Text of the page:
Ben Jonson: Theatre Revolutionary
(Rod Dungate is a playwright and poet, arts journalist and co-editor of ReviewsGate)
Length: 1400 words
Jonson’s reputation really rests on three plays, Volpone, The Alchemist and Bartholomew Fair. Even so, these are infrequently performed. His other later plays are much neglected, even thought unstageable. There are those who, not to put too fine a point on it, think that as he grew older, Jonson gradually lost his marbles.
The Silent Woman & The Devil is an Ass
Two of his rarely seen plays, The Silent Woman (Epicoene) and The Devil is an Ass were written in the same period as his three better known ones.
Danny Boyle summed up his surprised reaction to The Silent Woman when he went into rehearsal with it at the RSC in 1989: ‘It doesn’t seem possible it’s four hundred years old: it’s as closely connected to A Fish Called Wanda as you can be’ An apt comment, for this play is like a huge wave of comic invention rushing us along for three hours. It is rarely performed perhaps because it is difficult to present successfully as it is to ride those huge Pacific breakers.
The Silent Woman is the story of a dreadful old man, Morose, who can’t stand noise but wants to get married to disinherit his nephew. So he marries a woman who does not speak – until she’s married when she doesn’t stop. Morose wants his marriage annulled: something he only achieves when it is revealed his wife is a man.
The casting of the eponymous heroine herself is fraught with danger. Jonson wrote into the role the play’s central metaphor as well as a theatrical coup which should leave an audience stunned with disbelief. Shakespeare was writing cross-gender roles too, at this time, but they are quite different: Jonson’s feet are always on English ground while Shakespeare’s rush off to Illyria.
Actors need gargantuan amounts of energy to keep this play spinning – they must seem to us a group of psychotics. Truewit, the engine of the play, may quite legitimately be seen as a manic depressive.
The Silent Woman’s themes of greed, sexual role-playing and gender confusion and its reflection of a society accelerating almost out of control reflects our Age just as accurately as it did Jonson’s.
The plot of The Devil is an Ass, is side-splittingly funny – a little devil, Pug, pleads with the big devil, Satan, to be allowed to go to Earth to make trouble. Satan eventually lets him come, but Pug cannot cope with England’s (London’s) world of shady deals, dodgy titles and venture capital. Pug fails miserably – London is more wicked than Hell..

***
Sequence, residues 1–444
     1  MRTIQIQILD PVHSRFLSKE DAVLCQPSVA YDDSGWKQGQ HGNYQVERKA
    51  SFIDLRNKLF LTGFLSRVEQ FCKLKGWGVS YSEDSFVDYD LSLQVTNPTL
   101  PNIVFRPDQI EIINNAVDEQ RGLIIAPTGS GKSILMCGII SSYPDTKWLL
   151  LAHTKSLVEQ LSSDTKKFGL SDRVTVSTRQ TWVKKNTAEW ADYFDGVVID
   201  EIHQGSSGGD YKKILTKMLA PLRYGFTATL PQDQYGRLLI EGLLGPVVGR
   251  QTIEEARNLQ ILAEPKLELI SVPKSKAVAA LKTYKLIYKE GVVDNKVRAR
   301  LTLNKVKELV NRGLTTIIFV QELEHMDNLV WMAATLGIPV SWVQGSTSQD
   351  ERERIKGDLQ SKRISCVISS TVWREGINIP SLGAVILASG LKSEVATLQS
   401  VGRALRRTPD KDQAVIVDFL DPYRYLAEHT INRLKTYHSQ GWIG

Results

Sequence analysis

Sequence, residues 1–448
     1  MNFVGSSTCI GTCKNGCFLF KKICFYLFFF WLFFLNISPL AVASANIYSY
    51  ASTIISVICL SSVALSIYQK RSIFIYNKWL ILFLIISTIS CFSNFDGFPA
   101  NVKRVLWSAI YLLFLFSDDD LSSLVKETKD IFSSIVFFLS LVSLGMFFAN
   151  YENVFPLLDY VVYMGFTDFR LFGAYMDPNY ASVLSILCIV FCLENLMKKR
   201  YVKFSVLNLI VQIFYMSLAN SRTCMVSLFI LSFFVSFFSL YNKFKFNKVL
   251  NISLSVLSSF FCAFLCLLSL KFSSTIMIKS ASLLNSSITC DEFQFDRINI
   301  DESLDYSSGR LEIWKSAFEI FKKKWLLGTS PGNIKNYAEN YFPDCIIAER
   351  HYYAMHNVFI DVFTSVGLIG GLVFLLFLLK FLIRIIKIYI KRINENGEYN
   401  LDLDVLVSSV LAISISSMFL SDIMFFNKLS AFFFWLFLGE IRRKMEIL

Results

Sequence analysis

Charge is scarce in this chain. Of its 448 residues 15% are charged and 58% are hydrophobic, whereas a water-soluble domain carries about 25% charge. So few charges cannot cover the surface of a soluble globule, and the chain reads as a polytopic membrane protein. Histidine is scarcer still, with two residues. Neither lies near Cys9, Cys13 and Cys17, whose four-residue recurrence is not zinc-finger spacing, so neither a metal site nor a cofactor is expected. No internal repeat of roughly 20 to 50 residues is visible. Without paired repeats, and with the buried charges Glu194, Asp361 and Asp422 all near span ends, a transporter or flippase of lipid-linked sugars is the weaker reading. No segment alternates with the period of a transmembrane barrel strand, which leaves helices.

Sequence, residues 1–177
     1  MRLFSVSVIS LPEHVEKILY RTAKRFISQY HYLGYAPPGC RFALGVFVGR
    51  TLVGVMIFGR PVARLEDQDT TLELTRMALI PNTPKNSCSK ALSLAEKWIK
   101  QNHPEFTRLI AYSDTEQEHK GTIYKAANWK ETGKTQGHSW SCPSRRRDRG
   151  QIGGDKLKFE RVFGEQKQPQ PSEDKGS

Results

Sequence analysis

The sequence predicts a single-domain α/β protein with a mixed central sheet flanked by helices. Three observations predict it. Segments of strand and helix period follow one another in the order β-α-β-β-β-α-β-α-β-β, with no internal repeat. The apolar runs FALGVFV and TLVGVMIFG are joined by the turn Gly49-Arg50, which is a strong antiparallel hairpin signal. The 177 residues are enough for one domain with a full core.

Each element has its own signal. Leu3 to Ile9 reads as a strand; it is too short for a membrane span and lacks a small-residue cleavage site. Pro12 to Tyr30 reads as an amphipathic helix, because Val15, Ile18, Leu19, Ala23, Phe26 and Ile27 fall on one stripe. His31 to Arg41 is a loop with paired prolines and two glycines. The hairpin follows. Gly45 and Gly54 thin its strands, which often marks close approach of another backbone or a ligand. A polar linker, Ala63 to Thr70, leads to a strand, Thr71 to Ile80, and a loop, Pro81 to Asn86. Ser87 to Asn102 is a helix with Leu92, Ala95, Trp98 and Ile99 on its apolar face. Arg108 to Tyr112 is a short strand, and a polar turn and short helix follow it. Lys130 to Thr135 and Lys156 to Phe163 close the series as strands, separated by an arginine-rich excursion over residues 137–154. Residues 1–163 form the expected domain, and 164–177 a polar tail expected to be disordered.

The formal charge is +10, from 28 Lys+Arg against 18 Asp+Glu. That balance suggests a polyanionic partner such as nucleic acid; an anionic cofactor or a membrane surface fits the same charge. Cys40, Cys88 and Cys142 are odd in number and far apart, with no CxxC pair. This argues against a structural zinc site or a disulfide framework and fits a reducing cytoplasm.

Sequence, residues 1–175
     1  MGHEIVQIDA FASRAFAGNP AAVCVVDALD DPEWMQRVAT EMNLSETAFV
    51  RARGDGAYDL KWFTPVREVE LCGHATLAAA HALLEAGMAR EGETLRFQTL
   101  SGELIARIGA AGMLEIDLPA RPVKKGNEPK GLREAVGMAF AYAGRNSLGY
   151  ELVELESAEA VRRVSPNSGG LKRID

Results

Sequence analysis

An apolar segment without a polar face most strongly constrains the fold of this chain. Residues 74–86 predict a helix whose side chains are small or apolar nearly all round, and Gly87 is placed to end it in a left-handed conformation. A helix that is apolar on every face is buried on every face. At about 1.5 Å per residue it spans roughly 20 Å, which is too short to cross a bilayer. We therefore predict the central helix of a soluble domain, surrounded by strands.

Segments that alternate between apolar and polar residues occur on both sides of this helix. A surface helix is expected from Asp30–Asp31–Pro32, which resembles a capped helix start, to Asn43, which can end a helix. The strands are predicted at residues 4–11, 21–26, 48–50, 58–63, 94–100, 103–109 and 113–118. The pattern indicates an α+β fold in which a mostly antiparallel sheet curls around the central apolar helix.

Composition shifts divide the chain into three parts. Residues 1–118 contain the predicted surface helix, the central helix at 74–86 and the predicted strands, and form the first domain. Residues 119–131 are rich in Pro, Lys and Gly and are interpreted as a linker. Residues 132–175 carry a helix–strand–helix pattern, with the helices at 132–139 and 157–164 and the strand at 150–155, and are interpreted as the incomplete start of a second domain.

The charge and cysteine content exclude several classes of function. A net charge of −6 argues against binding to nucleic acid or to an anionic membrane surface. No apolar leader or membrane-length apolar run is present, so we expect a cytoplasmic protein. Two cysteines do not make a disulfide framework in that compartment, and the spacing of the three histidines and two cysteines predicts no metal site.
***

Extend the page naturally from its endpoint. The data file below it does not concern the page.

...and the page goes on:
The Silent Woman is almost devoid of love and true friendship. Jonson introduced into The Devil is an Ass a debate about love, honour, morality, marriage – a theme he was to return to in The New Inn.
In The Devil an unmarried man makes love to a married woman, but it is no lascivious seduction: Jonson wrote some of his most beautiful poetry to ensure the virtue of this love. At the point when spoken words will no longer suffice, Jonson supplies the exquisite song ‘Do but look on her eyes! They do light/ All that love’s world compriseth.’ The woman’s predicament calls into question the validity of the institution of marriage: Jonson beat Farquhar to it.
The Devil was revived in a wonderful production by Stuart Burge of Birmingham Rep Theatre in 1976 and subsequently went to Edinburgh and the National – Burge had previously directed it in Nottingham in 1973. By all accounts the Edinburgh first night audience received the performance with cheers. The RSC programmed The Devil in 1995.
Almost ten years elapsed before Jonson returned to writing plays for theatre (he was busy writing a series of Court masques.) He penned his final group: The Staple of News, The New Inn, The Magnetic Lady, A Tale of a Tub.
There is a growing tendency in these plays for Jonson to create a world which could heal and draw together humankind. In his maturity, he was growing gentler – comedy is no longer a bit stick to bring Society into line. Jonson always wrote from a standpoint of love – he may have been intolerant of foods and the greedy rich, but he never lacked charity.